The ability to sharpen an edge is of utmost importance in woodwork. Without it, the woodworker is destined to hours of frustration, hard work, and ultimately a poor result; luckily, there are many techniques for sharpening that are easy to learn, require no expensive machinery, and with practice will produce exceptionally sharp edges. The key here, however, is practice: you can not learn to sharpen an edge properly by reading a book or even being shown how to do it. These will help, and are even necessary to begin, but it is relentless repetition—many hours spent at the bench, improving at an almost imperceptible pace—that will ensure that you can sharpen tools properly. Thankfully, this is 'all' it will take!
When we say that expensive machinery is unnecessary, we do not mean to imply that a good-quality grinder (for shaping chisels, plane blades, etc.), or specialised honing system, would not be a valuable addition to the workshop. It is however quite possible to produce the same (or better) results with lower-cost tools that are much more convenient for the small workshop, and easier to obtain for the amateur woodworker.
To sharpen all of the standard, straight-edged tools (and saws are included in this category, because their actual cutting edges are straight), one needs a surprisingly small number of tools and materials. These are as follows, and their purchase, preparation, use, and storage will be elaborated upon below.
- files, flat and triangular, of assorted sizes and coarseness;
- saw set;
- Plane blades, chisels, etc.:
- three medium-density water stones;
- a higher-density final honing stone;
- a range of small triangular angle gauges (made of plastic, wood, or something else non-corrosive);
Sharpening of all edge tools is much the same: shape the edge (with a file or grinder); hone it (with an oil- or water-stone); then strop it (with a leather strop, MDF polishing board, or even the flabby bit of the hand). With good steel and flat stones, this process will yield the sharpest of edges every time—sharp enough to shave the hairs off your head with feather-like pressure.
All stones, be they waterstones or oilstones, are required to be of the utmost flatness before they can be used for sharpening. Thankfully, there is a simple and utterly reliable method for accomplishing this.
Procure three stones of equal or similar grit and hardness; label these 'A', 'B', and 'C' with a permanent marker at one end of each of their long edges. Also mark the back sides of each stone with an 'X' in the middle (we only need to use one face). These marks will make it possible to identify each stone and also orient them end-to-end in a repeatable fashion.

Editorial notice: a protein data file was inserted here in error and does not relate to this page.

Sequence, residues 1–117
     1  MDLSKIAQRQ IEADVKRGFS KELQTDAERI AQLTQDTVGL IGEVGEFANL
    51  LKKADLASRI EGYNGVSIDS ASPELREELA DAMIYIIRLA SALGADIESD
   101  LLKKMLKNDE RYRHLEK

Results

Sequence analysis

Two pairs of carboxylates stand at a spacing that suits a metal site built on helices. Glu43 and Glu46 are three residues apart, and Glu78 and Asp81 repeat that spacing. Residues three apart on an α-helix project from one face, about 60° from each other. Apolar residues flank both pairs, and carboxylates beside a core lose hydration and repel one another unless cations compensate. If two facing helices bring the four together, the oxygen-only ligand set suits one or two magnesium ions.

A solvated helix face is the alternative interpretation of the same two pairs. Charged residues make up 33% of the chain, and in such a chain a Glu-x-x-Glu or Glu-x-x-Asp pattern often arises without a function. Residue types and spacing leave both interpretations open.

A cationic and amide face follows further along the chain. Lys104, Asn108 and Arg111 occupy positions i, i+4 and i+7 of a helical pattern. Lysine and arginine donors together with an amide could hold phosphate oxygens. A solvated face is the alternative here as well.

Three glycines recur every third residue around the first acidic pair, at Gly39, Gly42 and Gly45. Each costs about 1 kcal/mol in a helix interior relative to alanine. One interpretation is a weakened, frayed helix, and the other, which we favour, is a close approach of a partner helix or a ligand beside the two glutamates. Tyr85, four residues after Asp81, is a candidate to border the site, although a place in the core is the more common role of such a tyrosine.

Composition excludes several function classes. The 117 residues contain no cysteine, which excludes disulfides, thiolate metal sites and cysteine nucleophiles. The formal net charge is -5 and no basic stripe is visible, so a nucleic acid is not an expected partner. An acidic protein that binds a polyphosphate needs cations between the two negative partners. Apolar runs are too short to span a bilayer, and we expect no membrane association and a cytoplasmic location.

The flatttening process involves wearing every stone against every other stone in a cycle that ensures that, gradually as it's repeated many times, the high and low areas of each stone are "reduced to grade". This grade is a truely flat surface, and can form the reference against which all tool edges can be measured. (Note that this process does not work with two stones only, and nor does it need more than three.)
To begin, take stones A and B in your left and right hands respectively and with the lettered-edges uppermost. Rub the front faces of these stones together. Quickly, the high points of each stone will be visible as the areas that are being worn away first. Don't try to extend these areas too far yet (this is a process that should be gradual), but instead start to even out the inevitable unevenness of your hand pressure by rotating stone 'B' so that it's label is now facing down and at the closer end of the stone. Rub again in this position. Perhaps 10 forward-and-backward motions in each of these two positions are all that are required; perhaps even fewer, depending on the hardness of your stones.
Next, put down stone 'A', swap stone 'B' to your left hand, and take up stone 'C' with your right. 'B' and 'C' should now be as 'A' and 'B' were when you began, and what you did with them you must now exactly do with this new pair.
There's a pattern here, of course: after wearing B and C togther, you move on to C and A — and this is the last step in the cycle before you begin again. Not also that this third time, A is in your right hand (whereas before it was in your left) and this is also part of ensuring that your muscular inequalities do not have inequal effect on the stones.
Carry on in this fashion — A-B, B-C, C-A, A-B, etc. — and slowly the stones will come to match each other's sufaces and in doing so will be perfectly flat.
This section is concerned with traditional English-style handsaws that cut on the push stroke (as opposed to, for example, Japanese saws).
All work on saws should be done with the saw held firmly in a saw vice, to stop blade flex and chatter; these are annoying and shorten the life of the files. There are many different types of vice, from commercial cast-iron cam-operated models, to the simplest method of two pieces of timber held either side of the blade. Clamp the saw blade in the vice about with about 3 or 4mm of blade showing (below the gullets of the teeth).
Jointing is the process of filing all of a saw's teeth down to a common line, and needs be done only when the teeth are uneven or incorrectly shaped.
Correcting the profile of the teeth.
Bending the teeth out to each side of the blade about ¼ the thickness of the blade.
Actually putting the cutting edge to the teeth, working from alternating sides and filing towards the handle.